Once you have your lists, you might find that each is filled with many, many items. This is good. It shows that you’ve really thought about what your next home should be.
But it could also dramatically limit your search by removing any form of flexibility.
Take some additional time to be realistic. What’s the one or two most important items from each list that you absolutely cannot budge on?
On the need list, it could be that you must be a five-minute walk from a train station or bus stop so that your commute isn’t a nightmare each day. It might be that a yard is a must, for your dog or children.
On the nice to have list, try to consider your budget and ability and prioritise the things that you could realistically achieve. If you’d like to have a media room or plunge pool, does your budget actually allow for that right now?
And on the must not have list, think about whether there’s a bit of wriggle room. There are probably some firm deal-breakers here, and that’s OK, but see if you can compromise. Few properties are absolutely perfect unless you spend a fortune or build them yourself.
You should also be honest with your buyers' agent and yourself about the location you want to be in. Everyone wants a home in the trendy area, or the upmarket family friend suburb or the beachside hot spot. Can you afford it?
On the topic of budget….
You might’ve found one of those online calculators that tells you how much you could possibly borrow from a bank. They’re fine. They’re a good starting point for those who want to figure out their potential buying budget.
But there’s much more you should do to determine your ceiling price. After all, someone, somewhere might be willing to lend you that amount, but can you afford the repayments? Will they dramatically alter your lifestyle and are you happy with that? Can you still afford it if interest rates raise, you lose your job, or your circumstances change down the track?
Seek loan pre-approval to get a real sense of what you can borrow. Not only will this fast-track the process once you’ve signed a contract, but it will give you and your buyers' agent certainty about where to look. I recommend working with a top mortgage broker and we can recommend the right one for your situation help you get the best loan structure and rates.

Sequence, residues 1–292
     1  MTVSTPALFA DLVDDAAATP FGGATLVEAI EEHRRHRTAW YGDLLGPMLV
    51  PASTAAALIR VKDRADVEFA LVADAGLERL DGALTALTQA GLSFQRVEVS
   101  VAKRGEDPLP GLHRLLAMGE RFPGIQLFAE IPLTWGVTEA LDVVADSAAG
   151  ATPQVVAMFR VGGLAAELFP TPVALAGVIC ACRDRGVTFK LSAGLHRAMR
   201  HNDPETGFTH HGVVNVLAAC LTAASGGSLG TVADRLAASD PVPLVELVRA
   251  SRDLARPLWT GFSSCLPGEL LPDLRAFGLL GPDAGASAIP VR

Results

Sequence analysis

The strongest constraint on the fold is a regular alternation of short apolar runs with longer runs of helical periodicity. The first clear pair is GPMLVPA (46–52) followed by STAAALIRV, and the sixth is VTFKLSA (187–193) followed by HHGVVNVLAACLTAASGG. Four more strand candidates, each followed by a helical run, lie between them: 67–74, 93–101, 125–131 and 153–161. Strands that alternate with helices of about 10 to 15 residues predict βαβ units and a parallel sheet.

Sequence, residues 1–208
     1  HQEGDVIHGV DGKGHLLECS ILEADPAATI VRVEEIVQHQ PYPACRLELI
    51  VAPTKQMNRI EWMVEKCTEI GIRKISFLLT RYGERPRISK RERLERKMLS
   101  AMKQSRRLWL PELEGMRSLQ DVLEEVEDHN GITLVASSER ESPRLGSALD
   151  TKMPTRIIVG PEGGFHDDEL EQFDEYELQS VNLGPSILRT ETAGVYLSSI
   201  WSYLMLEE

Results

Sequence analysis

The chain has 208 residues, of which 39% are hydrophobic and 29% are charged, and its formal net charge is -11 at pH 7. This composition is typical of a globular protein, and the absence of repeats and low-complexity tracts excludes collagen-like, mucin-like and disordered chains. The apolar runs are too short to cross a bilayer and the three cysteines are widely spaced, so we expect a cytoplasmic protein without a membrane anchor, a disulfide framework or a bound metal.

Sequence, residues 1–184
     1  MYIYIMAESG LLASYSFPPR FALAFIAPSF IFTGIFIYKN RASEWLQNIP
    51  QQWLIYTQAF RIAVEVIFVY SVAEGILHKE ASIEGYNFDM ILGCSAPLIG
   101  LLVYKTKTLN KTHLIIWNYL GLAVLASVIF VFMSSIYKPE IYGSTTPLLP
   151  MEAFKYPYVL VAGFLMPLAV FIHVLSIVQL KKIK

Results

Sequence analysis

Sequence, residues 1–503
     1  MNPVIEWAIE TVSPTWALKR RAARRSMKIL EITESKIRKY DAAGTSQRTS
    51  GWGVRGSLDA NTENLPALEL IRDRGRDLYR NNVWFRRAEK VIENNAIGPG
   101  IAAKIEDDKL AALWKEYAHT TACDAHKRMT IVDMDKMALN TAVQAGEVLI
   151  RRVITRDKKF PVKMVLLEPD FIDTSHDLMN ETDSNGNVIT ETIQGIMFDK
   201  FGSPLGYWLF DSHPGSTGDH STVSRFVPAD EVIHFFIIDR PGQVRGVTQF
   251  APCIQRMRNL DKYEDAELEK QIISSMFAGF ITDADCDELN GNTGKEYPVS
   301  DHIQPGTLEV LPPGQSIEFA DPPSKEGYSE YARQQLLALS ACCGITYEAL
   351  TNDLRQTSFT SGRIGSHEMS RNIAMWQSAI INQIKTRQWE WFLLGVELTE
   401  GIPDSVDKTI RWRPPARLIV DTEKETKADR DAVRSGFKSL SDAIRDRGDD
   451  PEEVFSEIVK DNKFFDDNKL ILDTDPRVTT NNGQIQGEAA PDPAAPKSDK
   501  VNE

Another note on budget – be open and honest with your buyers' agent about how much you can spend. Some people with plenty of purchasing power might indicate a tight budget to their buyers' agent thinking it will compel them to find a bargain. Others might overestimate their budget in hopes their buyers' agent will locate an over-the-top property and then get an unrealistic discount on the asking price.
The fact remains, we are operating in a free market and your true and honest budget allows us to do our job with a minimum of wasted time and effort. Knowing your budget helps us quickly source the most appropriate properties within your criteria.
Think about the long-term
I’ve worked with a couple of first-time buyers over the years who have a very good idea of what they want, need and would like to have, as well as their budget and repayment ability.
But most haven’t thought about where they might be a decade from now.
There’s every chance that a young couple now will have a small child by then, and so the simple one-bedroom flat they’ve settled on buying will very quickly become unsuitable. So too would the funky terrace in a busy, urban area far away from good schools.
Talk with your buyers' agent about how you can future proof your home by thinking about what might be coming for you. It could be that you may start a family or, on the other end of the spectrum, farewell your grown children from the nest and be needing a smaller and more easily maintained property.
Be open to advice
They live and breathe this stuff. They’re out on the ground in property markets every single day and they know what makes a suburb tick.
You’ve enlisted an expert for a reason. Listen to them, let them guide and advise you, and rely on their wealth of expertise and experience. You’ll be in your new home having avoided the bulk of the stress and angst before you know it.
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call us on 1300 655 615 today.